Increasing panel efficiencies and power ratings represents a key deliverable from the PV industry today. These requirements are not simply long-term objectives for the industry as a whole: they are essential at the company level to differentiate leading suppliers within an overcrowded and highly competitive manufacturing environment.
Efficiency enhancements typically require changes in manufacturing process flow and materials (raw and consumable) used in production. Ideally, the technologies that drive these changes will be those featured within a technology roadmap.

PV manufacturers that succeed in implementing these technologies should be rewarded with dominant market-share. Equipment and materials suppliers that offer key products for the new process flows should become preferred suppliers during subsequent expansion phases.

It is therefore not surprising that there are many R&D labs, equipment/materials suppliers, PV manufacturers and regional associations that are aggressively seeking to influence the content and timing of such a roadmap. The conclusions that are derived from these roadmaps are frequently used by equipment and material suppliers as the basis of their corporate strategies to align with expected industry demand.

PV roadmap uncertainty

The above sequence of events is only effective if the roadmaps are closely tied to what is being implemented by PV manufacturers that have dominant market-share; something that has not always been the case.

Indeed, equipment and materials suppliers through the value-chain and the supply-chain have often learned this the hard way, having aligned their in-house strategies with roadmap outcomes that were different from the leading players in the PV industry.

Consequently, scepticism continues to be applied to some of the PV technology roadmaps under consideration.

However, the underlying premise of establishing a cohesive PV technology roadmap remains sound. What needs to change is the methodology and assumptions being used as the inputs to the roadmaps being proposed.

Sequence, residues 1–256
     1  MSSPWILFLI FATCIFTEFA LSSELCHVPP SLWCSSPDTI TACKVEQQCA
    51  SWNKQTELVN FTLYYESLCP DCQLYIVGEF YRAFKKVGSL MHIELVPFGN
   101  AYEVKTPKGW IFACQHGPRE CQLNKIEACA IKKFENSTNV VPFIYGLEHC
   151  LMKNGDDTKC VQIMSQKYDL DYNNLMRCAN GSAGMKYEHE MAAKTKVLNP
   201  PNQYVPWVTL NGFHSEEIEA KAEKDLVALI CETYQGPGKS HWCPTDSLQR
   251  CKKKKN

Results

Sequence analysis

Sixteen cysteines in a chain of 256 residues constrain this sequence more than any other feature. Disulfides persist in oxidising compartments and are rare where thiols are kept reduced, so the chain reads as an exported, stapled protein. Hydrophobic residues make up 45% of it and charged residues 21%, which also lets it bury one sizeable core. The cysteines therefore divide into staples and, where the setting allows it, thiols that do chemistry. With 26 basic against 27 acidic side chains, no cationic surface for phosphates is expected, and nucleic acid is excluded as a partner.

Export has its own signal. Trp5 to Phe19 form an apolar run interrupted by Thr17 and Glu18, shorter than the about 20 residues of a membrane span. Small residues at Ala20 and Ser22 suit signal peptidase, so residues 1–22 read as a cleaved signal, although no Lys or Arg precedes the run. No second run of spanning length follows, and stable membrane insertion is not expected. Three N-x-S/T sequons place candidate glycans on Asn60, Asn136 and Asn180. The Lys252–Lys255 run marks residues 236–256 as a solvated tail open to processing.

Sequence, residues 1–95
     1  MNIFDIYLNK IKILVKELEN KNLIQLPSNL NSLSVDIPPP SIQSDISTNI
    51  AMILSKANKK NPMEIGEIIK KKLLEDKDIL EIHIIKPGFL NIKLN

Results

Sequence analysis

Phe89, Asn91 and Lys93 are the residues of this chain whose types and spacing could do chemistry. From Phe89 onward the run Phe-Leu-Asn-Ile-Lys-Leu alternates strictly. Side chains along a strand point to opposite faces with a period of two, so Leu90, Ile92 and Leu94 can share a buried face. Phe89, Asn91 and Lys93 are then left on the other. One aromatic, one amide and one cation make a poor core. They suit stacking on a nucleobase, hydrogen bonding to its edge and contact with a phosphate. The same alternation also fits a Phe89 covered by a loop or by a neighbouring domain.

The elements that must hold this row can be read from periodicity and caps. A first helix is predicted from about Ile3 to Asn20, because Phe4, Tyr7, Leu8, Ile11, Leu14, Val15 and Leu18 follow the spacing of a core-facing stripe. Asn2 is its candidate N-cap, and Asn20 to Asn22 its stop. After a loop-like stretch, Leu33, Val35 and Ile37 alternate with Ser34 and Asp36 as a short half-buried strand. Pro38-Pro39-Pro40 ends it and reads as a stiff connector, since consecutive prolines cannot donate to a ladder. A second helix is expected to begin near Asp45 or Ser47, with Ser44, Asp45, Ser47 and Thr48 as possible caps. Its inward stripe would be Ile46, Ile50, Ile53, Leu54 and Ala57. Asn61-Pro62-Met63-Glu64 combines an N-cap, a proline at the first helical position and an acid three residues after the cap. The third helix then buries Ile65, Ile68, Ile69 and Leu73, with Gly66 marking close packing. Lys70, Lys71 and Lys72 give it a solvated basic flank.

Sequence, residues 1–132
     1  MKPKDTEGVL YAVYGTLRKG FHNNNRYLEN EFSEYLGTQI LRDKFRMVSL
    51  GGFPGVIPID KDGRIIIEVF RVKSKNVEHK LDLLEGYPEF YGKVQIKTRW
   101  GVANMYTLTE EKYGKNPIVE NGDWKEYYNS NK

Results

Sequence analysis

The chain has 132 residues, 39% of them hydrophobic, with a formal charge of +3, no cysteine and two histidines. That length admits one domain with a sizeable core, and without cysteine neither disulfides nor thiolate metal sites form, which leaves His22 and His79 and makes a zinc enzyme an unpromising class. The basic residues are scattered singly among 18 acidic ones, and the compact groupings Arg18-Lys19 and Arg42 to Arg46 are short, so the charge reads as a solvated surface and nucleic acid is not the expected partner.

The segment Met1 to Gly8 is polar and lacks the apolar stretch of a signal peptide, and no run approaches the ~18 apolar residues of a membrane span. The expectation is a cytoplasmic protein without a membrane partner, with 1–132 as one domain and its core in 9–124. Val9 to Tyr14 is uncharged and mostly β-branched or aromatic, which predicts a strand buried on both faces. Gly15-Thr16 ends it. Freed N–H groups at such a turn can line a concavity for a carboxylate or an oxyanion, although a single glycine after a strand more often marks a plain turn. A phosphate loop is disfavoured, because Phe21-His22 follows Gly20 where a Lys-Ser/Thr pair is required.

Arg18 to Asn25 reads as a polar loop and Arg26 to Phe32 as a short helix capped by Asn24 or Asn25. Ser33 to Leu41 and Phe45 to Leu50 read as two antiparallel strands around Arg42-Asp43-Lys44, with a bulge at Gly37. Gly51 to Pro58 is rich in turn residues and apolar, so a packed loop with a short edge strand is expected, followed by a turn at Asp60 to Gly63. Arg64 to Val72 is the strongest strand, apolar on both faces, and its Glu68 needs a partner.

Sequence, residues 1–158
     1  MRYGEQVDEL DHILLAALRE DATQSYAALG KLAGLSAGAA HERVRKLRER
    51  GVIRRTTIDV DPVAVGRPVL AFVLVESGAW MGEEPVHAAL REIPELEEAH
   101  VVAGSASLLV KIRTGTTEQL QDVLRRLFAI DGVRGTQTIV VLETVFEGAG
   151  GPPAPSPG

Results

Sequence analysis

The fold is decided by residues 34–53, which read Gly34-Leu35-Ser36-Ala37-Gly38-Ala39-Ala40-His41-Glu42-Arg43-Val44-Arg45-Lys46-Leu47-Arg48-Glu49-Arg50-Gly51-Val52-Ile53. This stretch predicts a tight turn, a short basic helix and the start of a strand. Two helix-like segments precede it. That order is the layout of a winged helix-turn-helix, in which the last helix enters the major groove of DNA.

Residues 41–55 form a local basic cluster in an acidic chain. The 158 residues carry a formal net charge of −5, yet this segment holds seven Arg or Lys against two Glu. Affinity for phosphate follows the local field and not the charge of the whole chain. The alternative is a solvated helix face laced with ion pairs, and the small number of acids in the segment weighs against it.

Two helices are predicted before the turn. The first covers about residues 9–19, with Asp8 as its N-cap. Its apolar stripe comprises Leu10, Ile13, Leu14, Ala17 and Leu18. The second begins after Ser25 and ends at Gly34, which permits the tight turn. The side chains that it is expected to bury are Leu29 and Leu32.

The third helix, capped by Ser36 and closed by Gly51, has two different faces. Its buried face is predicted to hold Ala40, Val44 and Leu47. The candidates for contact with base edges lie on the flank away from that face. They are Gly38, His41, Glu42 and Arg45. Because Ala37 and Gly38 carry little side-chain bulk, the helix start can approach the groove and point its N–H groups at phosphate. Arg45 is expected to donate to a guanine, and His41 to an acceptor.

The NPD Solarbuzz PV technology roadmap

The NPD Solarbuzz methodology starts by mapping out detailed process flows for all PV manufacturers and then tracks the impact of products produced through each process flow type as they move downstream to satisfy end-market demand. This commercially-focused approach is supplemented by an analysis of manufacturers’ equipment spending and suppliers’ backlogs and recognized revenues at the tool level for each process flow.

A number of technology options arise through this method, characteristic of the highly fragmented PV technology landscape that has received strong capital equipment investment during the past 2-3 years. These investments - across a wide range of c-Si and thin-film alternatives – have often been supported by well-organized marketing campaigns that have presented strong argumentation in support of each option.

Despite the number of options being promoted, it is prudent to concentrate only on the existing and short-term plans of leading PV manufacturers. And with 9 out of the top-10 producers today coming from the c-Si segment, prioritizing tier 1 c-Si manufacturers becomes imperative.

Choosing which part of the c-Si value-chain to prioritize is also not without its challenges. Regardless of the commercial push on technology adoption that may come from low-ASP SoG polysilicon, new ingot growth methods such as cast-mono, or a greater adoption of diamond wire saws, the pull from c-Si cell manufacturing outweighs any upstream development.

Indeed, the various c-Si cell concepts used by tier 1 manufacturers place fundamental requirements on the quality of polysilicon, the substrate type (n-type or p-type, mono or multi), the wafer thickness, and the production tools employed. Each cell concept also has different processing costs (both fixed and variable) and average efficiency levels that can be realized. This combination of cost and efficiency then defines factory-gate $/W levels, with premium efficiency, bankability and supplier branding creating the final differentiated market offering.